When a caller contacts your business the customer service they experience will undoubtedly affect the likelihood of them using your services in the future.
Need some rock-solid proof?
Take a look at this: The Customer Experience Leaders in the Customer Experience Index at Forrester Research are the top ten rated public companies. At the end of the period between 2007 and 2013, the S&P 500 Index was up 14.5%. The performance of equity-weighted, annually readjusted stock portfolios of the Customer Experience Leaders was up 43%. The performance of the Customer Experience Laggards—the bottom ten rated public companies—was down 33.9%
What does that mean in plain English?
The stock price of a public company literally falls when customers are disappointed with their experience with that company. The stock price of a public company rises when customers are delighted with their experience.
A customer’s experience is made up of every interaction your company has with them: face to face, via email, and, of course, on the phone. If a caller experiences long wait periods on hold listening to bland music or—shudder—silence, isn’t directed to the right department, or isn’t given the information they need quickly, then they have not had a good customer experience.
On hold messages offer a hassle-free avenue to enhance your callers’ experiences. They provide the opportunity to use the time a caller is on hold for productive and entertaining purposes with fun marketing messages. They ensure your caller knows exactly what menu options to choose or how best to reach you if you’re currently unavailable. They can even be used to provide answers to commonly asked questions. All of this genuinely enriches the customer’s experience and leaves them with a positive impression of your company.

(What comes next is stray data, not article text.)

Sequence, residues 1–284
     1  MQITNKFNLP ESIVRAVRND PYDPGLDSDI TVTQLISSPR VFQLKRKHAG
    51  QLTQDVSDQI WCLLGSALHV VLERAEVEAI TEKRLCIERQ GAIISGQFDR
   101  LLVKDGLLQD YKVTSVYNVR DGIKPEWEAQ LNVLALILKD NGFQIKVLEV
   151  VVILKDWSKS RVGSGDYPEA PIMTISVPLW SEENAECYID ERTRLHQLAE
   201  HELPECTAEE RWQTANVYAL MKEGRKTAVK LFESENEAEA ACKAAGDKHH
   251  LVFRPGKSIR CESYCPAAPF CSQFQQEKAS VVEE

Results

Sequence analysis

Imagine this hypothetical example:
1) Tom Johnson calls your company (let’s say a financial firm) and is greeted by a polished welcome message which includes a run-down of an upcoming seminar he didn’t know about but would be delighted to attend.
2) He then hears clear, concise menu options and knows exactly what number to press if he wants to make a consultation appointment. (It’s option 4, for the record.)
3) He then speaks with a member of the consultation team who books his appointment without a fuss.
4) Now Tom wants to enquire about that amazing seminar he heard about, so the team member transfers him to the staff member organising the seminar.
5) While on hold, Tom hears an attention-grabbing on hold message that reminds him that the end of financial year is fast approaching and another message about life insurance—a service he didn’t know Finance “R” Us offers—before the phone is picked up again without him even realising he was waiting.
6) Tom hears about and registers for the seminar, puts down the phone and spends a good long while smiling about how successful a call that was.
Every phone call offers the opportunity to provide a positive or negative customer experience. And every customer experience offers the opportunity to enhance or detract from the reputation of your company.
So, the real question you should be asking is: how good are your on hold messages?